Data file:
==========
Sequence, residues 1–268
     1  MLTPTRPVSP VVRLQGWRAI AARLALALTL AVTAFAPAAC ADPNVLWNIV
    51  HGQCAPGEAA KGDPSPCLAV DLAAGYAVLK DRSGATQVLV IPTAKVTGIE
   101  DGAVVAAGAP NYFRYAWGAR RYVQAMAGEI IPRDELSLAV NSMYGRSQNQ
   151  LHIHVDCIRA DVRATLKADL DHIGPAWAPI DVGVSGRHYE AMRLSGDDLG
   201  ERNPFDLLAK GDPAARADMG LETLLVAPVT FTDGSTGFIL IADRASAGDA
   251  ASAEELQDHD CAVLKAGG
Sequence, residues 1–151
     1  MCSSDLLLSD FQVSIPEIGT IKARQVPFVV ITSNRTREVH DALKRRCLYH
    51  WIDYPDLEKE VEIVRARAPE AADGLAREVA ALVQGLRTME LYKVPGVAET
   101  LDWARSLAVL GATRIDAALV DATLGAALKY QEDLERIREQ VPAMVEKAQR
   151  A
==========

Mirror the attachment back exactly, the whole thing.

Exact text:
Sequence, residues 1–268
     1  MLTPTRPVSP VVRLQGWRAI AARLALALTL AVTAFAPAAC ADPNVLWNIV
    51  HGQCAPGEAA KGDPSPCLAV DLAAGYAVLK DRSGATQVLV IPTAKVTGIE
   101  DGAVVAAGAP NYFRYAWGAR RYVQAMAGEI IPRDELSLAV NSMYGRSQNQ
   151  LHIHVDCIRA DVRATLKADL DHIGPAWAPI DVGVSGRHYE AMRLSGDDLG
   201  ERNPFDLLAK GDPAARADMG LETLLVAPVT FTDGSTGFIL IADRASAGDA
   251  ASAEELQDHD CAVLKAGG
Sequence, residues 1–151
     1  MCSSDLLLSD FQVSIPEIGT IKARQVPFVV ITSNRTREVH DALKRRCLYH
    51  WIDYPDLEKE VEIVRARAPE AADGLAREVA ALVQGLRTME LYKVPGVAET
   101  LDWARSLAVL GATRIDAALV DATLGAALKY QEDLERIREQ VPAMVEKAQR
   151  A